Zucchini Squash Harvesting: When Is Zucchini Ready To Pick
In the summertime, it’s best to wait until after the first frost. That way you get a good crop of zucchinis. However, if you live in a colder climate like me, then there are other times when you might want to pick your zucchinis before they turn yellow or brown.
I’ve been told that some varieties of zucchini are ready to pick as early as May, but others say June is the time to start harvesting them.
So which one is right?
Well, according to what I read on various websites and books, here’s what you need to know…
When Should You Start Harvesting Zucchini Squash?
I’m going to give you three options here:
1) Pick Your Zucchini Early – If you’re in a warmer climate, such as Florida, Texas, or California where the days are longer than they are in New England (and therefore the nights shorter), then picking your zucchini now would be ideal.
You could even go ahead and plant it out for winter storage.
2) Wait Until Mid-September – This is what I do since I live in an area where the days are shorter than in the places listed above.
The problem with this is that your zucchini plant will be putting more of its energy into blossoms than it will the actual zucchini—which means more flowers and less zukes. If you’re dead set on picking your zucchini before the first frost, then this would be my suggestion.
3) Pick It When The Time Is Right – If you’re in a climate where the seasons are less defined, then you can always pick your zucchini when it’s ready.
As I mentioned above, most people say this is around June. I’m just the odd ball that follows the rules of Mother Nature!
A Few More Things…
If you live in an area that has a real winter (i.e. a winter with real frosts), then you’re going to want to make sure you have a pest-proof shelter for your zucchini plants.
The easiest way to do this is with old shower curtains. All you need to do is drill several small holes in the bottom of it, fold it in half, and stake it down over your plant. The only part that will be exposed is the top portion of the plant—and that’s where the zucchini grow. The rest of it will be protected from critters as well as the frost.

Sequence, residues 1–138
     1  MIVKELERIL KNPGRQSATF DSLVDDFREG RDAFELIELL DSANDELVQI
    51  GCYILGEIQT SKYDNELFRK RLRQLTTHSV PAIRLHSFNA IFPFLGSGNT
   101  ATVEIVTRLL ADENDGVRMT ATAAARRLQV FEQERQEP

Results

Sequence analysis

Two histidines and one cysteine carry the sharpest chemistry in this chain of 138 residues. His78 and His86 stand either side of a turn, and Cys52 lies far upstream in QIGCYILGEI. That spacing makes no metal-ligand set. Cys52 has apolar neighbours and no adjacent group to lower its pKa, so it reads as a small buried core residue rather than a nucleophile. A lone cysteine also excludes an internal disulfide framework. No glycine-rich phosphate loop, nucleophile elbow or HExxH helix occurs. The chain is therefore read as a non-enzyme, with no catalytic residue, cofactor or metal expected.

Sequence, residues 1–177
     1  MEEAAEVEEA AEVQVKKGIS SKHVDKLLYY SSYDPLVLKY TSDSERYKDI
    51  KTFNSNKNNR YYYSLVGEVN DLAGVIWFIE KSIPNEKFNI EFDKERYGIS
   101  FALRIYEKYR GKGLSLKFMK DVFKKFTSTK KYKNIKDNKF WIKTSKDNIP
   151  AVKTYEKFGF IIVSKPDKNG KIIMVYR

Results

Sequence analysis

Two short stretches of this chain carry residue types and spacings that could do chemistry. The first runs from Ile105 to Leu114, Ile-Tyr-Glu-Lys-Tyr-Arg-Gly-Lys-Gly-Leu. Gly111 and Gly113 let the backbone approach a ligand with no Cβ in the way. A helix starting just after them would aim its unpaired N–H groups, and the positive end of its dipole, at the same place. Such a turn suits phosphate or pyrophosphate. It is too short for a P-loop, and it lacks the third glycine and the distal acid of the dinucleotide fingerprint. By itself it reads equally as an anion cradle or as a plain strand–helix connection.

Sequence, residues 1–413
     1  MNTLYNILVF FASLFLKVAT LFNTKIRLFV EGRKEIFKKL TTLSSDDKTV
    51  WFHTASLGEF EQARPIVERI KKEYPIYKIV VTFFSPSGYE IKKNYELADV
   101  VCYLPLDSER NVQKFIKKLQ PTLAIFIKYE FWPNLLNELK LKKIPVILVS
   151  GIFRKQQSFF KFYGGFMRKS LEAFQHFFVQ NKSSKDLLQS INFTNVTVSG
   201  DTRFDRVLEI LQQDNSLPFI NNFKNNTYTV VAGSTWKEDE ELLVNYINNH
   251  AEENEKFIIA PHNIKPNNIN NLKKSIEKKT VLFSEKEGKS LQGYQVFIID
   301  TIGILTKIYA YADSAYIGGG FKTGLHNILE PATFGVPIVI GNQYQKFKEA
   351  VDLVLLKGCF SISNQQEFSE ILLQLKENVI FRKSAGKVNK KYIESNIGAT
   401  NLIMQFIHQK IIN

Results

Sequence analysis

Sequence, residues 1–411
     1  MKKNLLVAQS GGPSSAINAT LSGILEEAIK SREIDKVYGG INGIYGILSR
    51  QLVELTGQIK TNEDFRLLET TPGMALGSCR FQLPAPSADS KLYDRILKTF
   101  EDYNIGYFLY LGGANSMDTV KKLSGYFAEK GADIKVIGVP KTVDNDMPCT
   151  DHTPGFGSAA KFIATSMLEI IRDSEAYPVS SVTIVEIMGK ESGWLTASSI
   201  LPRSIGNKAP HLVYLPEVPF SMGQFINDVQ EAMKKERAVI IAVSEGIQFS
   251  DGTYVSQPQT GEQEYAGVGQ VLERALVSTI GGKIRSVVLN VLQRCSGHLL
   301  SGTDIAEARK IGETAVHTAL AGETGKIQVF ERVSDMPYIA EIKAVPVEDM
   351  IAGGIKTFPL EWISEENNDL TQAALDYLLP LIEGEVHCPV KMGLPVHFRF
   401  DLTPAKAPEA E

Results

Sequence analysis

Another option is to build a small greenhouse for them. I’m in the process of doing this myself with old window frames. All I have to do now is get the lumber to frame it and I’ll be all set!
If you have your heart set on eating your zucchini before summer’s end, then make sure you harvest it every couple of days in order to keep the plant producing.
If you’re in a real bind and need to keep the plant producing, then you can pick the blossoms and cook them. They are good, just not as good as the zucchini itself!
And there you have it, everything you ever wanted to know about growing zucchini and picking it at the right time. Now go out there and get zucchini-izing!
Sources & references used in this article:
Respiration, hydrogen peroxide levels and antioxidant enzyme activities during cold storage of zucchini squash fruit by S Gualanduzzi, E Baraldi, I Braschi, F Carnevali… – Postharvest Biology and …, 2009 – Elsevier
Growth, yield, fruit quality and nutrient uptake of hydroponically cultivated zucchini squash as affected by irrigation systems and growing seasons by Y Rouphael, G Colla – Scientia Horticulturae, 2005 – Elsevier
Comparison of sprayable and film mulches in delaying the onset of aphid-transmitted virus diseases in zucchini squash. by CG Summers, JJ Stapleton, AS Newton, RA Duncan… – Plant disease, 1995 – cabdirect.org